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SIT102 - Introduction to Programming


2020 unit information

Important Update:

Classes and seminars in Trimester 2/Semester 2, 2020 will be online. Physical distancing for coronavirus (COVID-19) will affect delivery of other learning experiences in this unit. Please check your unit sites for announcements and updates one week prior to the start of your trimester or semester.

Last updated: 2 June 2020

Enrolment modes:Trimester 1: Burwood (Melbourne), Cloud (online)
Trimester 2: Burwood (Melbourne), Waurn Ponds (Geelong), Cloud (online)
Credit point(s):1
EFTSL value:0.125
Unit Chair:Trimester 1: Glory Lee
Trimester 2: Glory Lee




Incompatible with:


Typical study commitment:

Students will on average spend 150 hours over the teaching period undertaking the teaching, learning and assessment activities for this unit.

Scheduled learning activities - campus:

1 x 2 hour classes per week, 1 x 2 hour practical per week.

Scheduled learning activities - cloud:1 x 1 hour scheduled online workshop per week.


Computing systems enable innovation and dramatic change in the world and the way we live in it. The capability of these systems evolve through people designing and developing new and innovative software solutions. Whether you are driving this revolution, or benefiting from it, you need to learn how computers work, and how people create software to drive computing processes. In this unit you will learn the fundamentals of structured programming and explore the mechanics of how these programs operate within the computer. The foundational knowledge and skills that you build in this unit will underpin both further programming units and your understanding of broader computing and communication systems in Information Technology contexts.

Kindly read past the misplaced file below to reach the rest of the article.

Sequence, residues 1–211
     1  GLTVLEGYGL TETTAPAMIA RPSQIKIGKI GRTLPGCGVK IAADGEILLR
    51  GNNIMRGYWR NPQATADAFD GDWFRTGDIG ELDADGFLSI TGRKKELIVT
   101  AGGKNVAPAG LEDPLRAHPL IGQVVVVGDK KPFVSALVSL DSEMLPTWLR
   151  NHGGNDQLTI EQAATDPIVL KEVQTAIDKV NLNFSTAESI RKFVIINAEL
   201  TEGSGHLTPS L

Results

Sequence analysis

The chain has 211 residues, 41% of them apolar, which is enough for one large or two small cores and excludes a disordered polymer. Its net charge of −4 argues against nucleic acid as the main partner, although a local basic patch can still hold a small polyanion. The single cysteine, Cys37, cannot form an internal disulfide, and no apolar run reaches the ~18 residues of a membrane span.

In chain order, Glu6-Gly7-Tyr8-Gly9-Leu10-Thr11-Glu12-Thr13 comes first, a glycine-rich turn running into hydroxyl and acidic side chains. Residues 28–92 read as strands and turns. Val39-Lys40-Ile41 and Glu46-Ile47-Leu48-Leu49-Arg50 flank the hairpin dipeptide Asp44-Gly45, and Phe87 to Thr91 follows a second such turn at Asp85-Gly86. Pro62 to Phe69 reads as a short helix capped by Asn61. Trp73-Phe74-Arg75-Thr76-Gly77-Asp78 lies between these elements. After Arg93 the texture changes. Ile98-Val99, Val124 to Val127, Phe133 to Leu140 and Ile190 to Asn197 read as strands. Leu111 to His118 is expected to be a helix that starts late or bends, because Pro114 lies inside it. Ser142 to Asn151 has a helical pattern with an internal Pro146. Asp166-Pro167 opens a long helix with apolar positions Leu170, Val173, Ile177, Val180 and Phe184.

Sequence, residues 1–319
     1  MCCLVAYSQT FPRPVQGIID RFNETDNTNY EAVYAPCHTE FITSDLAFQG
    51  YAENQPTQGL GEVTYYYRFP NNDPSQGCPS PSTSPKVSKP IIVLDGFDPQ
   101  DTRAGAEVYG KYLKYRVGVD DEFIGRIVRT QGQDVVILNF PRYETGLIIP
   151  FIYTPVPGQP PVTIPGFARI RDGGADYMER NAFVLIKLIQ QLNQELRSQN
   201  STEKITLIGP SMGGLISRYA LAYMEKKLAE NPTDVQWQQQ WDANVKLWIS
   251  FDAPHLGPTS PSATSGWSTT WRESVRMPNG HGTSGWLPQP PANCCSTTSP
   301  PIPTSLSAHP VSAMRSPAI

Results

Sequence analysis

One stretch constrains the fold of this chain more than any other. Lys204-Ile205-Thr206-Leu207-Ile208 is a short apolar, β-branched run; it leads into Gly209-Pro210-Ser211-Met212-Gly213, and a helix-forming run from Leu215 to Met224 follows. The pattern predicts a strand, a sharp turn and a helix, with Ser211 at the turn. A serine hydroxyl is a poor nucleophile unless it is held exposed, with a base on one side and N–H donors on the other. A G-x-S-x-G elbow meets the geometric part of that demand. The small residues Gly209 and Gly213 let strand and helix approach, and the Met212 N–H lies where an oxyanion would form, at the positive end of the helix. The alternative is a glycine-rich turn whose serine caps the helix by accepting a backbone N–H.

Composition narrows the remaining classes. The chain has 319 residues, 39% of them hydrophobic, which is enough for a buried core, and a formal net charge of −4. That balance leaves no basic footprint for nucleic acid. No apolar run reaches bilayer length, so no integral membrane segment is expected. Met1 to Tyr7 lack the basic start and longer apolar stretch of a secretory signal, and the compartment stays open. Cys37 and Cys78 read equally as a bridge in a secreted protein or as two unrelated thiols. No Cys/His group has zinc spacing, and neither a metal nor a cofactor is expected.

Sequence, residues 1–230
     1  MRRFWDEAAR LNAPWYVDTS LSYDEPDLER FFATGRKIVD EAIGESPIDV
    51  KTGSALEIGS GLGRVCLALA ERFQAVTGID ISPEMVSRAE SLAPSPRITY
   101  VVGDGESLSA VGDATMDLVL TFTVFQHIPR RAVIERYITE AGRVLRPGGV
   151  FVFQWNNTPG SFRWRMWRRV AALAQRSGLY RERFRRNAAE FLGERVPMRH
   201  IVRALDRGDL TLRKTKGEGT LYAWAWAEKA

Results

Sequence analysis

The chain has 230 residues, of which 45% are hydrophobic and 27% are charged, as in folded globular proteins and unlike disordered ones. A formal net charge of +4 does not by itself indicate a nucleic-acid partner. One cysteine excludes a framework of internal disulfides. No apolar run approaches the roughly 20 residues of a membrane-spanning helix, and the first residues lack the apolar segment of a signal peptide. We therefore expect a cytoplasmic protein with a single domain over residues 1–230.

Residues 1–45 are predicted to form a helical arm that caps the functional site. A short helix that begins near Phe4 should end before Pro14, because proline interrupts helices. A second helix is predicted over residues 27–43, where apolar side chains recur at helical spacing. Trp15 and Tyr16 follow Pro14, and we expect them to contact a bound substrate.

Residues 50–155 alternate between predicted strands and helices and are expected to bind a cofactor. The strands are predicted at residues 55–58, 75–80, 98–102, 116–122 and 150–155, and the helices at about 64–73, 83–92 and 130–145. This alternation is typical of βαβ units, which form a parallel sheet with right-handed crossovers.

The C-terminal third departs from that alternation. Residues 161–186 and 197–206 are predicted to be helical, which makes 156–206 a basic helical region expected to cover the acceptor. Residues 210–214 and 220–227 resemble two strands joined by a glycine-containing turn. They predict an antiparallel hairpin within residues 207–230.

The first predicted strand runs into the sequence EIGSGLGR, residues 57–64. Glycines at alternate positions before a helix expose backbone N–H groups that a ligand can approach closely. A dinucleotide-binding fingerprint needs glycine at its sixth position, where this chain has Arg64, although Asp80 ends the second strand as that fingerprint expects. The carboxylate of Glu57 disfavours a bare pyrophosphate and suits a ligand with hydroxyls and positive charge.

These are the Learning Outcomes (ULO) for this Unit            
At the completion of this Unit
successful students can:

Deakin Graduate Learning Outcomes


Evaluate procedural program code for correct use of coding conventions, and use code tracing and debugging techniques to identify and correct issues

GLO1: Discipline-specific knowledge and capabilities
GLO4: Critical thinking


Design, develop, and test procedural programs using specified programming languages to achieve defined program goals, including effective use of data types
programming statements, control flow structures
and modularisation techniques

GLO1: Discipline-specific knowledge and capabilities
GLO5: Problem solving


Explain the principles of structured procedural programming, using appropriate terminology and by relating these principles to programming syntax and structures developed

GLO1: Discipline-specific knowledge and capabilities
GLO2: Communication


Analyse, critique and reflect upon a portfolio of artefacts to reason about and evidence achievement of specified objectives and goals

GLO6: Self-management

These Unit Learning Outcomes are applicable for all teaching periods throughout the year


Assessment Description Student output Weighting (% total mark for unit) Indicative due week
Learning portfolio

Portfolio consisting of at least 10 programs, 2 program traces, and a learning summary report

80% Week 12

2-hour written examination

20% Examination period

The assessment due weeks provided may change. The Unit Chair will clarify the exact assessment requirements, including the due date, at the start of the teaching period.

Hurdle requirement

To be eligible to obtain a pass in this unit, students must meet certain milestones as part of the portfolio, and must achieve a passing grade in the examination.

Learning Resource

The texts and reading list for the unit can be found on the University Library via the link below: SIT102 Note: Select the relevant trimester reading list. Please note that a future teaching period's reading list may not be available until a month prior to the start of that teaching period so you may wish to use the relevant trimester's prior year reading list as a guide only.

Unit Fee Information

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